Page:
by Gina Grosenick, BtB Coordinator

On August 9, 2016, the Centre for Urban Research and Education (CURE) in partnership with the Ontario Ministries of Municipal Affairs and Housing and the Alliance to End Homelessness Ottawa (ATEH) hosted a information and consultation session for an inclusionary zoning framework for Ottawa and Ontario.

The provincial Minister of Housing submitted Bill 204, Promoting Affordable Housing Act for first reading into the legislature on May 18 in which Section 4 recommends changes to the planning act that would enable municipalities, like the City of Ottawa, to set policies and bylaws to require development proposals with residential units to include affordable housing units and provide for those units to be maintained as affordable over a period of time.

As it is currently proposed, the legislation is “enabling” not “prescriptive”, which means that it provides for the legal ability for municipalities to adopt the proposed policy, but does not require mandatory adoption.

There has been much anticipation surrounding the legislation since the initial announcement made on March 14.  Summarized, the key elements of the proposed legislation, as currently written, are:

  • “allowing municipalities to determine where and how inclusionary zoning applies through official plan policies and zoning by-laws, subject to the requirements of the proposed legislation and potential regulations
  • prohibiting appeals to the Ontario Municipal Board from municipal inclusionary zoning official plan policies and zoning by-laws, except appeals made by the Minister of Municipal Affairs and Housing
  • not authorizing municipalities to accept money in lieu of inclusionary zoning units or allow the units to be built on off-site lands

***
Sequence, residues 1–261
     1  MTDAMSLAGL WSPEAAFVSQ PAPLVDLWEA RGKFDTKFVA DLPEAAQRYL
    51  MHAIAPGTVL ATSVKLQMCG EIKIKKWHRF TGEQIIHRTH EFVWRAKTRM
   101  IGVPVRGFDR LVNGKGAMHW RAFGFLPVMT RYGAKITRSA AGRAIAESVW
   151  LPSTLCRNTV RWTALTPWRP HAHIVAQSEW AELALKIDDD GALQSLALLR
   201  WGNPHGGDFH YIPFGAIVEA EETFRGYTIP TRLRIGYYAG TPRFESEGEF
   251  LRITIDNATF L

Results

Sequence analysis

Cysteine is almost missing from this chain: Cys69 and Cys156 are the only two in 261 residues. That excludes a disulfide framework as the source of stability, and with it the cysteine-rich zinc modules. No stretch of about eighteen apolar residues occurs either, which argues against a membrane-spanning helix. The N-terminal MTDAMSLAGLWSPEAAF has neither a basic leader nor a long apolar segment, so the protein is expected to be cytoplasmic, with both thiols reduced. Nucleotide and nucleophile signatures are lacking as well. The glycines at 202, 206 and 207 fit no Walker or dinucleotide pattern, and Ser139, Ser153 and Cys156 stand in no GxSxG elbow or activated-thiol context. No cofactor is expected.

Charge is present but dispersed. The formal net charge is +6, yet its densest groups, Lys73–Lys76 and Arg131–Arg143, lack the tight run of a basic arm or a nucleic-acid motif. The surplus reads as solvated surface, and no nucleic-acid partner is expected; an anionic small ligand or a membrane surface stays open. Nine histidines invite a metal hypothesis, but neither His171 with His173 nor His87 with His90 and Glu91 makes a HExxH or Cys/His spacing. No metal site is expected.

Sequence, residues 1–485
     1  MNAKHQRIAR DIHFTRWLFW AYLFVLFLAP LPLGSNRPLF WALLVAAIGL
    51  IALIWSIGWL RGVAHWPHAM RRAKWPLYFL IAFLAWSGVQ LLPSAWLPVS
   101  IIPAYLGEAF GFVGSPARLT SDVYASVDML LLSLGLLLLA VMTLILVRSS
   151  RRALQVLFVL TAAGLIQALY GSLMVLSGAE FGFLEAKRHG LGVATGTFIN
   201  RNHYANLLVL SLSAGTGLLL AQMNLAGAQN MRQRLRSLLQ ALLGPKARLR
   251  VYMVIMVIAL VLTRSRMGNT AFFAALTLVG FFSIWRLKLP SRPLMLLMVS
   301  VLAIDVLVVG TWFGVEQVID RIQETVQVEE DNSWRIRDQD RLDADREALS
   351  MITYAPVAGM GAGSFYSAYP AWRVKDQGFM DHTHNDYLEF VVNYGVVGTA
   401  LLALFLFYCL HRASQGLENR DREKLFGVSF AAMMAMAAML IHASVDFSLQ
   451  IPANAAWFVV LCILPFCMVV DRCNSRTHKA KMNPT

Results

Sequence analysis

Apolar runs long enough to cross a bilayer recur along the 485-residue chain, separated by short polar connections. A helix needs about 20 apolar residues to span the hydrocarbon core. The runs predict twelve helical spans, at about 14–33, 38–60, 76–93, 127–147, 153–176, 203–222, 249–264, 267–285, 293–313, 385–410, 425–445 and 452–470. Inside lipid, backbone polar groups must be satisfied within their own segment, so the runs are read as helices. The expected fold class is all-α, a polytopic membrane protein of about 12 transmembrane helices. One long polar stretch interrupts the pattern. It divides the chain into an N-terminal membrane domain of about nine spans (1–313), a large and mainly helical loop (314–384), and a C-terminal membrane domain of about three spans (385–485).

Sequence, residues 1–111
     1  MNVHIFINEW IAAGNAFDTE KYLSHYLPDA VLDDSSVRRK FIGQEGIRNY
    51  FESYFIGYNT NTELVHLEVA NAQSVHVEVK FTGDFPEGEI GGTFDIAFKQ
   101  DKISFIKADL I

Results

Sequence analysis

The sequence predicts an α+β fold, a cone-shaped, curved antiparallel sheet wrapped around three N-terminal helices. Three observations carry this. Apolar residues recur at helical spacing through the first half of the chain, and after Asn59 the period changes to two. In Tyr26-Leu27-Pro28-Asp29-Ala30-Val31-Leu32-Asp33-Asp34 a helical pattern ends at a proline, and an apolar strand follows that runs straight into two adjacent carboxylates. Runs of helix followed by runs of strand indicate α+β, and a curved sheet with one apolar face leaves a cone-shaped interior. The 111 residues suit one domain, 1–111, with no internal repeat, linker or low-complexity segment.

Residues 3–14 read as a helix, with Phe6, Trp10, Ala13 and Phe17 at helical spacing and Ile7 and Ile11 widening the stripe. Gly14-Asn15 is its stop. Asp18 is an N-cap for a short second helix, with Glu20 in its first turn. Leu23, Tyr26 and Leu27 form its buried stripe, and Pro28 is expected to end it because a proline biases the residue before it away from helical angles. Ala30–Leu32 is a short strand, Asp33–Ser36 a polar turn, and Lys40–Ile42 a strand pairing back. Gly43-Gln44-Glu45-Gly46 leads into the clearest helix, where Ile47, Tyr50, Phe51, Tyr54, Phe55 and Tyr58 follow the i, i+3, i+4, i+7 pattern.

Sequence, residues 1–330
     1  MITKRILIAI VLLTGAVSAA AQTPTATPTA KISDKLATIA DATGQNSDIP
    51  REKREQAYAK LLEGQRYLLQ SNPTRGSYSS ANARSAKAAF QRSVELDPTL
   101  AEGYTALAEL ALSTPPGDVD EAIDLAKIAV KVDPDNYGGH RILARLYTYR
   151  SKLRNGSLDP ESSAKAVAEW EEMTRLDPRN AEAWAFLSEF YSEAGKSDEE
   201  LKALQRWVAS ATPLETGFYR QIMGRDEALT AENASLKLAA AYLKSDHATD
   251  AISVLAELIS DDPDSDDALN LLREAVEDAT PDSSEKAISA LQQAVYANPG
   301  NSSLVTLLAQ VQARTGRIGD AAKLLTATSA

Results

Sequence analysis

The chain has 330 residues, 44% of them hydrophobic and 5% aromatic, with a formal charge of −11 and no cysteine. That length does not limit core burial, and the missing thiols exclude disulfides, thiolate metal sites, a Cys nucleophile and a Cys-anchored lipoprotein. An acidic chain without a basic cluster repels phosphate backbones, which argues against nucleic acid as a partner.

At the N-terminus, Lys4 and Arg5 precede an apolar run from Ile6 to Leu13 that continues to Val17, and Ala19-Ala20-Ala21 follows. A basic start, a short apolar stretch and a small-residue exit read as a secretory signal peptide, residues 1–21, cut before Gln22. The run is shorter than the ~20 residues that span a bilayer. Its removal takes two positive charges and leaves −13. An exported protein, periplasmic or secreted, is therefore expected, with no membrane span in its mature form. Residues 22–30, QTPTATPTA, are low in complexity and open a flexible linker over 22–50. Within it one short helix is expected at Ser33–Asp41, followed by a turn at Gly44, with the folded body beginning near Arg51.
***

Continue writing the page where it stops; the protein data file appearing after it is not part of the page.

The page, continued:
• requiring municipalities to establish a procedure for ensuring that inclusionary zoning units remain affordable over time
  • requiring owners of inclusionary zoning units to enter into agreements with the municipality, which may be registered against the land and can be enforced against subsequent owners to keep the unit affordable
  • restricting municipalities from using section 37 (density bonusing) in addition to inclusionary zoning requirements, except in circumstances outlined by regulations” (Source: mah.gov.on.ca/Page14875.aspx)  

The province has sought to balance the opportunity to introduce a measure that could meaningfully support municipal affordable housing development with parameters that builders can work within and still make development viable. It is important to remember that this legislation is a not meant to be a singular solution to the affordable housing crisis but one tool that, used with other programs and processes, can help to address the affordable housing crisis in many of our cities.

In Ottawa, some initial work has been undertaken by the Alliance to End Homelessness Ottawa to initiate a dialogue with builders on what a local inclusionary zoning bylaw might look like.  Some key discussion points include:

  • what range of the affordable housing spectrum is the bylaw seeking to impact?
  • what are the triggering conditions that require inclusionary zoning?
  • what should the inclusion rate of affordable housing development be?
  • should there be different rates for different zones or development areas?
  • what defines “affordability”?
  • what offsetting concessions can be made available to make development more viable?
  • how does this tool align with and support existing affordable housing programs in the city?

Ottawa stakeholders will have some time to continue this discussion and consider these questions.  Public comments and feedback on the provincial bill is due by August 16.  A consultation guide with specific discussion questions is available online at the Ministries’ websites. The province will present the bill for second reading in the fall at which time it will be forwarded to committee for review and consideration of feedback into the winter, returning for debate and final approval in the spring, allowing for by-law adoption by municipalities in the summer of 2017.

Its important that all stakeholders be part of this discussion.  Share your thoughts with the province,  your community, your city councillor, and us. Reach out to others in the affordable housing and development communities to educate them on and discuss the issue.  Lets make sure that this opportunity is maximized so that we forge new and lasting partnerships for affordable housing development in Ottawa, working together to make a lasting impact in our community.